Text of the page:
The UAE had to drastically upgrade its internet speed and coverage to ensure all 1.2 million pupils and students could continue their education online when Covid-19 broke out.
When cases of the coronavirus slowly began to rise, the government acted quickly and instated distance learning for schools and universities.
It was March 4 and the UAE had 27 confirmed cases of Covid-19.
The UAE was well prepared for distance learning because smart-learning initiatives have been in place since 2012, the Minister of Education, Hussain Al Hammadi, said on Saturday.
The Mohammed bin Rashid Smart Learning Initiative was established eight years earlier and offered pupils the option to study using devices.
It gave the country a solid base from which to build a wide-scale model.
"We really invested a lot a long time ago in all these infrastructure requirements to enable us to continue educating in different scenarios," Mr Al Hammadi said during a panel discussion titled "Pushing the limits in the healthcare, telecoms and education sectors: bent, but not broken?" at the Global Manufacturing and Industrialisation Summit.
"We had 1.2 million-plus students in the general education that we had to shift, within two weeks, to this platform for full 100 per cent learning.
"We had never taught this big a number through distance learning. We had to upgrade internet speed by almost 100 per cent.”
The country did this by developing a satellite operations centre to ensure pupils across the country had access to the internet at all times.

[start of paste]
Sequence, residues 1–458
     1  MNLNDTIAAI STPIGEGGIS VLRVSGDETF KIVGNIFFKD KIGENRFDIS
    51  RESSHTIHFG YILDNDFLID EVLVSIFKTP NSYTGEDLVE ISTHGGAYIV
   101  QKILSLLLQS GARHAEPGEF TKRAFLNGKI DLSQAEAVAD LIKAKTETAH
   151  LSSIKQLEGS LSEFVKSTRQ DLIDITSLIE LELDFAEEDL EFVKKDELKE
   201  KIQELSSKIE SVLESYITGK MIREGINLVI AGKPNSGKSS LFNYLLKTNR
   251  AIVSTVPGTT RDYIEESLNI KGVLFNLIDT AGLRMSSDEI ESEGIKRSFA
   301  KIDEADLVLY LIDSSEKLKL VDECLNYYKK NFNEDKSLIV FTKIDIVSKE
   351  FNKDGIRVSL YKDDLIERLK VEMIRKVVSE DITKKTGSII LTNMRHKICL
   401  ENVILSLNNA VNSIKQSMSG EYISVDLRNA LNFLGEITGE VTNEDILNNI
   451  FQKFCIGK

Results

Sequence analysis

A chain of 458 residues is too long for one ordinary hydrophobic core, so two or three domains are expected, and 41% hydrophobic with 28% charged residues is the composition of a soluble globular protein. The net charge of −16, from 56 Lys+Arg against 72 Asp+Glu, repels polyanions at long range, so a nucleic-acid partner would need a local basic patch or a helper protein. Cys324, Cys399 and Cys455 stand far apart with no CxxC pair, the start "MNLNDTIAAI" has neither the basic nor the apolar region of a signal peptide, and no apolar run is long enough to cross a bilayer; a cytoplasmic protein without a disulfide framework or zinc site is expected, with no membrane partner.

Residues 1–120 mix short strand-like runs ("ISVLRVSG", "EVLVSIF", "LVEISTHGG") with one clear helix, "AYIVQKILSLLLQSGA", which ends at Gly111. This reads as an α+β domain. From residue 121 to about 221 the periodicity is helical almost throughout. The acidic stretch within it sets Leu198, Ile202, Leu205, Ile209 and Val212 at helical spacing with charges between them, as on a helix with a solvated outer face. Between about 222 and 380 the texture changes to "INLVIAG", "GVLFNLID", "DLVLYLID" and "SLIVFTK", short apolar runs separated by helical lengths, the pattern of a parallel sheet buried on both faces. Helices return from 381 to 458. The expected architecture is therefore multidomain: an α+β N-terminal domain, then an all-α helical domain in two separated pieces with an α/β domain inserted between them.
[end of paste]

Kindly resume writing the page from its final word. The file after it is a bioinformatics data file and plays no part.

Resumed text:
Free satellite services were set up so pupils in remote areas of the emirate could also continue their education.
It made “a big difference in our education system", Mr Al Hammadi said.
The ministry also set up online seminars presented by well-known artists and athletes, to motivate pupils and students to study.
"We wanted to keep the kids engaged. we wanted them to have sports, exercise, art competitions," Mr Al Hammadi said.
Locally known musicians and athletes spoke to large groups of pupils in video conferences.
"This was very positive. We were not able to do in the past,” Mr Al Hammadi said.
Despite the quick migration to e-learning, he said Covid-19 showed that more needed to be done.
“We are still not doing enough," he said. "The current foundation is not as strong as we might think.
"According to the International Telecommunication Union [a UN agency], just under half of the world's population is still offline and has no access to digital technologies.
"Children in remote areas have been unable to join online classes during the pandemic."